Federal Forest Profiles

Our federal public lands are managed for “multiple use” to provide clean water, fish and wildlife habitat, recreation, as well as timber. National Forests cover about 16 million acres (about 25%) of Oregon. These 10 Forests are managed by the U.S. Forest Service. The Bureau of Land Management (BLM) manages 15.7 million acres of land in Oregon – much of it high desert in eastern Oregon, but 2.6 million acres of forests in western Oregon, including "O&C" lands. 

Federal public lands are governed by many different laws, policies, and lines on maps. "Wilderness" areas, designated by Congress, are permanently protected from roads, logging, and other development. "Roadless" areas are often just as wild as Wilderness, just not officially designated and thus still at risk of possible development. Other areas are designated for certain kinds of logging, while still others are set aside for the needs of threatened wildlife. 

Oregon's federal public lands are managed according to plans developed by the Forest Service or BLM. In western Oregon, both Forest Service and BLM lands within the range of the northern spotted owl (listed as threatened under the Federal Endangered Species Act) fall under the Northwest Forest Plan (NWFP) area, covering 9.7 million acres. The NWFP has been in place since 1994, and sets guidelines and policies for how and where logging is allowed, sets buffers and objectives for restoring streams, and lays out guidelines for managing rare and sensitive plants and animals. Logging interests have threatened the integrity of this common-sense Plan over the years, and current efforts to increase logging on BLM lands could seriously undermine its intentions and put water quality, wildlife habitat, and restoration efforts at risk.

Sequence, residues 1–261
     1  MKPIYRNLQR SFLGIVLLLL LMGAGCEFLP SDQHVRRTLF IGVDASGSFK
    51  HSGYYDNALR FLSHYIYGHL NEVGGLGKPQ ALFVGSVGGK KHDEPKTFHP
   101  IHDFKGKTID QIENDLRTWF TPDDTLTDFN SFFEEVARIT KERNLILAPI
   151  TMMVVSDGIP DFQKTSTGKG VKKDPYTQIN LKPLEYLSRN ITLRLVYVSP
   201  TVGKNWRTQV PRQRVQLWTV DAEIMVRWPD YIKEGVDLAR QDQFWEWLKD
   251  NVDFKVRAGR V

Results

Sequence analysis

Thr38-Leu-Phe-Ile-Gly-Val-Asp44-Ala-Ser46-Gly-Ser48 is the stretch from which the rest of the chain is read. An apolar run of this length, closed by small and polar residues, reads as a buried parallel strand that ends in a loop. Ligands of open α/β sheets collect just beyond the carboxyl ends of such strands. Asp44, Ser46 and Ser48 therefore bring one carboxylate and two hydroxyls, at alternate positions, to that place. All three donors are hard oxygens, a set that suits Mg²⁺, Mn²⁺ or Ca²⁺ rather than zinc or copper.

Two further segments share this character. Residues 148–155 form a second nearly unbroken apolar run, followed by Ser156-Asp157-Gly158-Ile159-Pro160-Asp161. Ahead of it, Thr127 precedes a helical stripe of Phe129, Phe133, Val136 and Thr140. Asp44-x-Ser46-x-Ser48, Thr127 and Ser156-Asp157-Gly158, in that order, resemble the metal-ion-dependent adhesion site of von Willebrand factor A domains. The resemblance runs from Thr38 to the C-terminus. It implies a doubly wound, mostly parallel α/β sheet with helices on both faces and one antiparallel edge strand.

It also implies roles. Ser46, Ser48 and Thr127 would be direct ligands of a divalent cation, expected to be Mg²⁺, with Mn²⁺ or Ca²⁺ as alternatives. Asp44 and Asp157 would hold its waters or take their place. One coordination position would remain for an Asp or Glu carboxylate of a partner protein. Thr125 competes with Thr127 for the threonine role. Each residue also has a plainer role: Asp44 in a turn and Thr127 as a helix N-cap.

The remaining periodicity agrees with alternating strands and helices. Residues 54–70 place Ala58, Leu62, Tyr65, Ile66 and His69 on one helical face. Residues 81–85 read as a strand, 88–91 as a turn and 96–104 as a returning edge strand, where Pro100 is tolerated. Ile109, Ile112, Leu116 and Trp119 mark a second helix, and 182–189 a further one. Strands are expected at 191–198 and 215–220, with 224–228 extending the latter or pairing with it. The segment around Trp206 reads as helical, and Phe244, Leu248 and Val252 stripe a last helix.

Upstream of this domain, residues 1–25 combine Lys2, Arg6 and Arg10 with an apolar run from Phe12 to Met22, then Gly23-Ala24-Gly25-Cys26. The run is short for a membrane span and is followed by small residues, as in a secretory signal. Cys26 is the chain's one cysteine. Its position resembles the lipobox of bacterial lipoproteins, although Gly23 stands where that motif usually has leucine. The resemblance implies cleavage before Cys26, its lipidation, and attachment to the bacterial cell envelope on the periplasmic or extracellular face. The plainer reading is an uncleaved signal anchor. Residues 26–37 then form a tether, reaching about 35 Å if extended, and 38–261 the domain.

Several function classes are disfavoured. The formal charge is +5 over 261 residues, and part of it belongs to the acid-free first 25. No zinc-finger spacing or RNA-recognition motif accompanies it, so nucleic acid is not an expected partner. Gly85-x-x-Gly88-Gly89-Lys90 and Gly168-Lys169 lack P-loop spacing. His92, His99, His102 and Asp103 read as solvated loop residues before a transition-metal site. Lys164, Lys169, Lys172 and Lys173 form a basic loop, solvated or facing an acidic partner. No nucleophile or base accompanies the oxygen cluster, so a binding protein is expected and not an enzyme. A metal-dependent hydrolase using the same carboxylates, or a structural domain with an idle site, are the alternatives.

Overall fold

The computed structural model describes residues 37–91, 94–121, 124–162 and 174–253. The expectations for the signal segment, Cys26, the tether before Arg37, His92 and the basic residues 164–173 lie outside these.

In eastern Oregon, different rules apply to forest management. Policies are in place to protect large trees (over 21" in diameter) and streams, but management issues are much different than in western Oregon. Logging of old-growth trees, suppressing natural fires, and overgrazing have led to a landscape in need of restoration, but also one with large wild areas that offer homes to threatened species like gray wolves and sage grouse

The public (that's you!) has a right to know and participate in what happens on our public lands. Oregon Wild comments on logging and other development plans on our public lands on behalf of our supporters, advancing our common sense vision for forest management, while holding federal agencies accountable to our bedrock environmental laws. 

Explore more (COMING SOON), including how to find out about what's going on, who to contact for more information, and where to go for outdoor adventures in each of these areas: